Biggest Spider in Florida: Top 5
Deciding which type is the biggest spider in Florida is not as straightforward as it sounds.
That's because there are different ways of judging how big a spider is.
You can do it according to:
- The size of its body.
- The size of its leg span.
- The weight of the spider.
Bearing the above in mind, I have listed below the five arachnids that I consider to be Florida's largest.
#1 Golden Silk Orb-Weaver (Banana Spider)
Sometimes called a "banana spider" by local Floridians, the Golden orb-weaver (Nephila clavipes) is most famous for the impressive webs that it builds.
These large spiders build their webs in wooded areas, their webs are three-dimensional, orb-shaped and built using bright yellow silk.
Although the male of the species is small (1/4 inch), the female can be around 3 inches across (including leg span). Brightly colored, with stripy legs, these spiders are difficult to miss.
They look intimidating, but their venom is generally far too weak to be dangerous if you are a healthy adult, unless you are unlucky enough to have an allergic reaction.
Banana Spider Confusion?
The relatively harmless North American Orb-weaver, which is often called a "banana spider", should not be confused with the Brazilian "banana spider", which is far more aggressive and dangerous.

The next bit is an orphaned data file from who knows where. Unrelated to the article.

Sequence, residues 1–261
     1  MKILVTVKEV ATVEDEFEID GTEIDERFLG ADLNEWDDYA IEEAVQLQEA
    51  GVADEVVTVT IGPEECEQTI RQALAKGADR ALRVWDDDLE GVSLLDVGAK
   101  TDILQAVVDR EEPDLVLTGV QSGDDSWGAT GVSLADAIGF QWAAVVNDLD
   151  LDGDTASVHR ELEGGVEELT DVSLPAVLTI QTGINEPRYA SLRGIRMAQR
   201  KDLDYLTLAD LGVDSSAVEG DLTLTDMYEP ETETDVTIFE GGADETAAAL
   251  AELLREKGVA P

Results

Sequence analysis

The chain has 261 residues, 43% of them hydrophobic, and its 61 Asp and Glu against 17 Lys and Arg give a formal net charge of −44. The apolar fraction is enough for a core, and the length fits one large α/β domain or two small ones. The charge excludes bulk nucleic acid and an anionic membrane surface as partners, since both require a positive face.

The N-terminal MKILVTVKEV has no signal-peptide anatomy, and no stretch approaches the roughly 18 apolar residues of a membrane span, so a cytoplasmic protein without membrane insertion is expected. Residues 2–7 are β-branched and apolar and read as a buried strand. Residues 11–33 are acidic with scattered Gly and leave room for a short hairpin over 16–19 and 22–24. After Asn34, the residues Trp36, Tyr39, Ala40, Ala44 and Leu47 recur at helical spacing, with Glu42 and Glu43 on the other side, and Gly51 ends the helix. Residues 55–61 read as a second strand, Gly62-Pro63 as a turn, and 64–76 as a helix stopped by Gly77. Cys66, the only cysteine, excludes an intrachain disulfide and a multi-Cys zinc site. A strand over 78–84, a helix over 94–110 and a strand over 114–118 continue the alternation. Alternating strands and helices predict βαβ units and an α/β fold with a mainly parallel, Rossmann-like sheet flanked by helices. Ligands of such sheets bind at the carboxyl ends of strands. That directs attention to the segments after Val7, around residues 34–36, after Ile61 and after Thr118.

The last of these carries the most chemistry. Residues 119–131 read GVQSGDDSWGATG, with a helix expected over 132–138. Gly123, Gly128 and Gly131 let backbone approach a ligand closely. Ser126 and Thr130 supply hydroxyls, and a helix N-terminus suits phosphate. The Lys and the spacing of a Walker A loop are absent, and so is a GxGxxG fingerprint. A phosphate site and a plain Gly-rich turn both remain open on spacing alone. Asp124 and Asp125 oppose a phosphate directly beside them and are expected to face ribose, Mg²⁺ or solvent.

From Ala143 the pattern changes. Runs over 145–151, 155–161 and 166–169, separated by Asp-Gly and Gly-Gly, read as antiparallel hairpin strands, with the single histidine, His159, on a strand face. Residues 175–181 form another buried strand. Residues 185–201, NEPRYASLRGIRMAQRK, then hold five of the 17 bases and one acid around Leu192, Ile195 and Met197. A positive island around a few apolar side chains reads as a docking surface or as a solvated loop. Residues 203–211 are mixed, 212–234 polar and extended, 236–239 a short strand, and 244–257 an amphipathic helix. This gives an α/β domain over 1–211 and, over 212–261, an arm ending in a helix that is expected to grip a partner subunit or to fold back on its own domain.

#2 Wolf Spider
These large, hairy spiders are common in Florida. They have heavy-looking bodies and long thick legs. You will see them on walls both inside and outside buildings, as well as out in the yard.
Wolf Spiders don't build webs, they hunt by running, which they do extremely fast. They can even outrun cockroaches, which are one of their food sources.
Florida Wolf Spiders can grow up to two inches in size, although their heavy bodies and thick legs can make them appear bigger.
These spiders are quick to bite if they feel threatened. The bite can be painful and cause redness and swelling. Sometimes the fangs will also cause one or two punctures in the skin.
Interesting Facts About Wolf Spiders
Most spiders have two rows of eyes, but Wolf Spiders have three.
The spiders are also unusual in that they carry their young upon their back until they are ready to hunt for themselves. The female can carry over 100 eggs at a time.
Wolf spiders are able to see at night and are more active during the dark hours.
The biggest enemy of the wolf spider is the hunting wasp.
#3 Black and Yellow Argiope Spider
Black and Yellow Argiope (Argiope aurantia) spiders can be up to an inch in size and are easily identified by their characteristic silver carapace and yellow-and-black markings.
Their webs are large and normally seen along the outskirts of woodlands. Argiope spiders typically hang head down in the center of their webs.
These spiders have poor sight, but are sensitive to vibrations and wind currents. The male of the species tries to impress potential female mates by plucking and vibrating her web.
Are Black and Yellow Argiopes Venomous?
Argiope venom is only mildly toxic, the equivalent to a bee sting, causing redness and swelling.
Argiopes are not aggressive and will only bite if they feel threatened in some way.
#4 Widow Spider
There are four species of widow spider who call Florida their home: